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What is it like to work in other countries?


If you work in a multi-national company, you will no doubt have developed some opinions on how co-workers in different countries work and/or the working conditions they have.

It may be that you think certain countries always seem to have national holidays or that certain subsidiaries only work certain hours.

Well, all may not be as it seems, and the grass may not be greener on the other side after all.

Here, we look at some of the misconceptions people have about working in different countries.

Germany has the most holidays

Knowing which country gives the most statutory paid time off (PTO) to workers is difficult. Different sources report differently. Some add national holidays into the total or some just count the statutory allowance that companies have to offer.

It’s reported that some countries like Kuwait and Cambodia have 43 and 42 days respectively.

On the whole it seems that countries in the Middle East like Iran have the largest amount of PTO and European nations tend to have around 20-30 days annual leave.

Spare a thought for your colleagues in the United States as there is no statutory obligation for companies to offer vacation to their employees. However, most companies do however offer some form of paid time off.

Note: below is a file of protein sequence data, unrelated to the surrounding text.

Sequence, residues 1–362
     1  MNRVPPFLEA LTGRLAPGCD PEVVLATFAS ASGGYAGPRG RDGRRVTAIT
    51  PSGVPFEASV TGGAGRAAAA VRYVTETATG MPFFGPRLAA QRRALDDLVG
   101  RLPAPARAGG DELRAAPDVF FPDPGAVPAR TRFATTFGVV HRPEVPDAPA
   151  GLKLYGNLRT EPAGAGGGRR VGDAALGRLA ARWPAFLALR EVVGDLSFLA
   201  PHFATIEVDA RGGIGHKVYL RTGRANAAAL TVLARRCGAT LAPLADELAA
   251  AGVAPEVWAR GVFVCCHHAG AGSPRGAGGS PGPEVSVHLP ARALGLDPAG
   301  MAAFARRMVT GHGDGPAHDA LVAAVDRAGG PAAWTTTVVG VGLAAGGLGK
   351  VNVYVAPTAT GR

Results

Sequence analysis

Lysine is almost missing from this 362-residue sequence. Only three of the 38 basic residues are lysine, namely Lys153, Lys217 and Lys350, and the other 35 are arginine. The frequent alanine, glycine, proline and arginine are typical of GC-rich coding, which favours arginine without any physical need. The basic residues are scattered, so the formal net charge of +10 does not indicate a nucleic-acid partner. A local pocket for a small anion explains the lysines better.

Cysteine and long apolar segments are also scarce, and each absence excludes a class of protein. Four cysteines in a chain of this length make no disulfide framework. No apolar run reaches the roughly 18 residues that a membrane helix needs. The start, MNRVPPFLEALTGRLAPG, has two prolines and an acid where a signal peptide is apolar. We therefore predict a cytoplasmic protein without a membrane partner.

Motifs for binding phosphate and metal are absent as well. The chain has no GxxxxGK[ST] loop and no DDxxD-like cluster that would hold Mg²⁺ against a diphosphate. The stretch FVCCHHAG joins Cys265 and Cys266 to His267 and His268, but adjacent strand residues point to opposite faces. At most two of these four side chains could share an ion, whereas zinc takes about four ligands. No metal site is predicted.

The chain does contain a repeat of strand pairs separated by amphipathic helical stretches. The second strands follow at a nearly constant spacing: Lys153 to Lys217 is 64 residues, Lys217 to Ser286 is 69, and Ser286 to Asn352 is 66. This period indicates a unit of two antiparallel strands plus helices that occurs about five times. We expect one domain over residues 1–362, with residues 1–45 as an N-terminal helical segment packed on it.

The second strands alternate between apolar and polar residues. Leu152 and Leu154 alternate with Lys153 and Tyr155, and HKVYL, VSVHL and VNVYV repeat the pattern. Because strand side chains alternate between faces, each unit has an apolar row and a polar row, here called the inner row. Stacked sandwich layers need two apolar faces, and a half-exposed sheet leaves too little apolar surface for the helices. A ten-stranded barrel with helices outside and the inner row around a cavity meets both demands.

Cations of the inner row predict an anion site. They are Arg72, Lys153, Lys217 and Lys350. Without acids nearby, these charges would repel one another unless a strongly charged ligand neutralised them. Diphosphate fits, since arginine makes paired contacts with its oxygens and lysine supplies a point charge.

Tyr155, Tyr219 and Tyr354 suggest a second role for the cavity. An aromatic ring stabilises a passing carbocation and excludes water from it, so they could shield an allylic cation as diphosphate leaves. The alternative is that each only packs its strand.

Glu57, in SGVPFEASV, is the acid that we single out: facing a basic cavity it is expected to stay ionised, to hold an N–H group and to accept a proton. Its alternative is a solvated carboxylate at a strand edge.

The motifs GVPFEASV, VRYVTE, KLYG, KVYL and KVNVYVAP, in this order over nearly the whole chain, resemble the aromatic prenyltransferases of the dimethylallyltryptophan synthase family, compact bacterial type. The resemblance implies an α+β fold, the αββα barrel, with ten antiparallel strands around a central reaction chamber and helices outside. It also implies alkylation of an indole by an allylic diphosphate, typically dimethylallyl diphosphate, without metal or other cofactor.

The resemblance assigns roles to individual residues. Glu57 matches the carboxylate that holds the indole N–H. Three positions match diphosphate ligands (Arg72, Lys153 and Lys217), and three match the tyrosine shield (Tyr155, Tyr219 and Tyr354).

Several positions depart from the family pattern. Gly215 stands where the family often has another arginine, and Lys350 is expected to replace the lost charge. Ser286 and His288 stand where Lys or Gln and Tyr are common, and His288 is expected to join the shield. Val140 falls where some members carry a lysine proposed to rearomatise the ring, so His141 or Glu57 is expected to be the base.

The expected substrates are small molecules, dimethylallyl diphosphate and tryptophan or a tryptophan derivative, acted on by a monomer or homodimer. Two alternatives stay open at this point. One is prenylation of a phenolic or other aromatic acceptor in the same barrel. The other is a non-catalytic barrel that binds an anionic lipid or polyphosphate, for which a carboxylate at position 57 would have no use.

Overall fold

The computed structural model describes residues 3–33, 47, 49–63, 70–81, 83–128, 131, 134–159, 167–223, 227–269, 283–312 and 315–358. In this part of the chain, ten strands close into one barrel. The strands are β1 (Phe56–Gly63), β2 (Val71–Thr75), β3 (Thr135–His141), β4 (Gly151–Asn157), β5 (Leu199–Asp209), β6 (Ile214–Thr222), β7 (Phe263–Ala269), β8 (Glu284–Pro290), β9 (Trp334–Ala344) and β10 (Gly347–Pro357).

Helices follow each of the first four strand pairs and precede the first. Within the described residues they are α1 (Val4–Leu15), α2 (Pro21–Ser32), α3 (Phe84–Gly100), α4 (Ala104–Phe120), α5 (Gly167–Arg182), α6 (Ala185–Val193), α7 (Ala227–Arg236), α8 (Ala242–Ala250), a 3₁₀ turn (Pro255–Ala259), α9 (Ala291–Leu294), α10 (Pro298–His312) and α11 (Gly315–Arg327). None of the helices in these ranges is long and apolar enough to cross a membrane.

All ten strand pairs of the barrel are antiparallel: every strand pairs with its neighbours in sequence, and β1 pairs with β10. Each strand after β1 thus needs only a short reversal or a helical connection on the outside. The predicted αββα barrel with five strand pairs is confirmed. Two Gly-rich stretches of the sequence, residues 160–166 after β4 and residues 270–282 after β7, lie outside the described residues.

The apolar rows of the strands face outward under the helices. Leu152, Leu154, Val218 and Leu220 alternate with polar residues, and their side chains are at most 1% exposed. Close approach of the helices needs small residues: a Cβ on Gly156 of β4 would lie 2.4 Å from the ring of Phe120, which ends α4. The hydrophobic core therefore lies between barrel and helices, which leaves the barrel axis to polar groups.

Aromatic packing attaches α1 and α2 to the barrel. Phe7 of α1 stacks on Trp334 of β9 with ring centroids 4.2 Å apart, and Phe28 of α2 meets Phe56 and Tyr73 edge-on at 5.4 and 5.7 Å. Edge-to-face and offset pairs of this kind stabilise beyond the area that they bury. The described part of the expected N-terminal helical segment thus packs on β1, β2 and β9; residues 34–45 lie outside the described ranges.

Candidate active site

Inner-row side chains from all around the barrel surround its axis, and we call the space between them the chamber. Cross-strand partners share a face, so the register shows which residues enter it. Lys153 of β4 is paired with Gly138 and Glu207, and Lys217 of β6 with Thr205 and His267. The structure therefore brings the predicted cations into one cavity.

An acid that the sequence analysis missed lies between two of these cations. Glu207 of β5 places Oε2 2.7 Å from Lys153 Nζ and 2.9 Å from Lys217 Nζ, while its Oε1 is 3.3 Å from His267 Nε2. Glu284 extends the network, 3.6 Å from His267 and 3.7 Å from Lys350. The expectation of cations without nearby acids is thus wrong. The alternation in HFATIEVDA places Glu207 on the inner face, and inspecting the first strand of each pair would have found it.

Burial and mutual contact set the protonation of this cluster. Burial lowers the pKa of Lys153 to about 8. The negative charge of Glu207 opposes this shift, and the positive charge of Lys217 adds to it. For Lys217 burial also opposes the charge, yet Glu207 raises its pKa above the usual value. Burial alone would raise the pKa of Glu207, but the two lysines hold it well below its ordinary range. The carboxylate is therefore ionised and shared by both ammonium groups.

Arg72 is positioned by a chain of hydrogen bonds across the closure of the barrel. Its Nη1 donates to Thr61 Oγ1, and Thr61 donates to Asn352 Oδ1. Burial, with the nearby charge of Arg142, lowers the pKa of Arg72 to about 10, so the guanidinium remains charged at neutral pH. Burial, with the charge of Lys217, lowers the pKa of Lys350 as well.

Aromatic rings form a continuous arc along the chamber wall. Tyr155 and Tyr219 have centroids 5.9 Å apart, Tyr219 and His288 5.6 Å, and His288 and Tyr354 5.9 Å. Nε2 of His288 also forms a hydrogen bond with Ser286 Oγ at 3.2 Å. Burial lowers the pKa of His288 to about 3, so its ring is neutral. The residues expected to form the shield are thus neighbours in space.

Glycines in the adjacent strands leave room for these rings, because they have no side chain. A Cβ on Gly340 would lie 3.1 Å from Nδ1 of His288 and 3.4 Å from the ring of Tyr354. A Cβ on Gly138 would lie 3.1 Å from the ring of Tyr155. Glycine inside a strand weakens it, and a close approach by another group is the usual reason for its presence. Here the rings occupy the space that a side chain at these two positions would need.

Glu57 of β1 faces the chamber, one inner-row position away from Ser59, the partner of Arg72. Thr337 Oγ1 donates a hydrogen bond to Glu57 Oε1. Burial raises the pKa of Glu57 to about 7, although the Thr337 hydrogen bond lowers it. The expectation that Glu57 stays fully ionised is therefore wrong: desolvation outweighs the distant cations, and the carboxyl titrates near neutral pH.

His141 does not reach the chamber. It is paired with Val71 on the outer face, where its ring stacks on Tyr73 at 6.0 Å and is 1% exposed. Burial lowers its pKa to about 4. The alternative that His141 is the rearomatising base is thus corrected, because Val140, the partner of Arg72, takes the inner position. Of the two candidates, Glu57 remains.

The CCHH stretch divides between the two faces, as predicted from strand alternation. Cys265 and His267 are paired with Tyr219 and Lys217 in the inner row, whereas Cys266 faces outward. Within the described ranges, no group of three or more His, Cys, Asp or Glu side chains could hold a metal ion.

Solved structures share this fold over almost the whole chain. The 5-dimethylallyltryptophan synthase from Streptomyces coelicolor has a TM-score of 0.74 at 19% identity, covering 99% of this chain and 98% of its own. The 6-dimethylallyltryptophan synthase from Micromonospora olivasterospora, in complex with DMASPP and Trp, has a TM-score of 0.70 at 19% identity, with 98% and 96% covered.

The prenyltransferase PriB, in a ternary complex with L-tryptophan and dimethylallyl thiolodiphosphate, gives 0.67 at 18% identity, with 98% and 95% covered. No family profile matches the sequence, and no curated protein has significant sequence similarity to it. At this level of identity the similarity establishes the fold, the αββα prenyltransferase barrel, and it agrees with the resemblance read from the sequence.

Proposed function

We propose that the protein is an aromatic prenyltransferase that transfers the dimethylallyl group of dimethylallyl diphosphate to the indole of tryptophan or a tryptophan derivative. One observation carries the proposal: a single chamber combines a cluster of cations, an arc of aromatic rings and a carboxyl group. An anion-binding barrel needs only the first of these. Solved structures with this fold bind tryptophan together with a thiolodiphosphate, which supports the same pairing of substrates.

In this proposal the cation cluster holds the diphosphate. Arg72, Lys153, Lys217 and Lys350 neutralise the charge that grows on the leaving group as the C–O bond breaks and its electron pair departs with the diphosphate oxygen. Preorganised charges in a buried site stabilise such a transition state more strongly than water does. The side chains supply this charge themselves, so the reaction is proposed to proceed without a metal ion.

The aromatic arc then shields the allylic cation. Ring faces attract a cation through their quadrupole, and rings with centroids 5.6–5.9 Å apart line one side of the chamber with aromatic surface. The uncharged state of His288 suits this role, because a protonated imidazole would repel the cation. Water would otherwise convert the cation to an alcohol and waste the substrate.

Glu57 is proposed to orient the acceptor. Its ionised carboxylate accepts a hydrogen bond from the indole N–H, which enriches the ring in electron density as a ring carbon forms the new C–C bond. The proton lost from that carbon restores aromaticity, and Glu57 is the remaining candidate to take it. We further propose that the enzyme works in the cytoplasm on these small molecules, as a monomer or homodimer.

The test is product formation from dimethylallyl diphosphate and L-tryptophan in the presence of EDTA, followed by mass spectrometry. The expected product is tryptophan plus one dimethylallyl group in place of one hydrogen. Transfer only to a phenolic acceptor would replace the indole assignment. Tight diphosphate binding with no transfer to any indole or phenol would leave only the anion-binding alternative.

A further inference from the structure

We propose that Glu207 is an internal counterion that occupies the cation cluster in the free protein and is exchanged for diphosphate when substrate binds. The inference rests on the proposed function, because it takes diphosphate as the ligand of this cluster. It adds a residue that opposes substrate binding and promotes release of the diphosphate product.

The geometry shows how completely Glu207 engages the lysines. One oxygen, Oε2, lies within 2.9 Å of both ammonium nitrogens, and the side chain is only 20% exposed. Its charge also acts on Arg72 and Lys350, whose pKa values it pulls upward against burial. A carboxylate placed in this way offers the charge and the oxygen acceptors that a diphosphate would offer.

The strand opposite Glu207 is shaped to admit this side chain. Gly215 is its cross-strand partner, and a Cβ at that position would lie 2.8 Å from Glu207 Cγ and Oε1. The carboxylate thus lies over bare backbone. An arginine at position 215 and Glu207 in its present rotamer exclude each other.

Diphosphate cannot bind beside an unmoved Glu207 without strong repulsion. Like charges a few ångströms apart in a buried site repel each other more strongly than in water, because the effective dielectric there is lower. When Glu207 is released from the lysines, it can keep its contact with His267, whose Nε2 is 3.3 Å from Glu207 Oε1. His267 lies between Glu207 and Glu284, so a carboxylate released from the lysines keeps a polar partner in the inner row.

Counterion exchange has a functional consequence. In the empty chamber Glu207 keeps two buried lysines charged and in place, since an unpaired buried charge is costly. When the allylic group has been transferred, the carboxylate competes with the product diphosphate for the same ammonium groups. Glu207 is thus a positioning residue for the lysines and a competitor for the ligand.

In France the working week is only 35 hours

Well this perception, is not necessarily true. While there is legislation in France surrounding a 35 hour working week, staff can request to work above the limit and managers are not subject to the restriction.

There are countries, however, that work fewer hours according to the OECD. On average countries like Germany, Denmark and Norway tend to work fewer hours annually than the French.

Workers in Japan and South Korean work the longest hours

At the other end of the spectrum, the common thought is that workers in South Korea and Japan work the longest hours. The notion of ‘Salarymen’ in Japan has been documented for many years, which is why many believe everyone works long hours.

However, the OECD report that Mexico and Costa Rica work longer hours on average than workers in South Korea and Japan.

Of course – as with all statistics – they are open to question as some workers may under report or over report working hours to adhere to regulations.

Business Insider reports that Columbia is the country with the worst work/life balance. The average working week is 47.7 hours long, leaving little free time outside of work.

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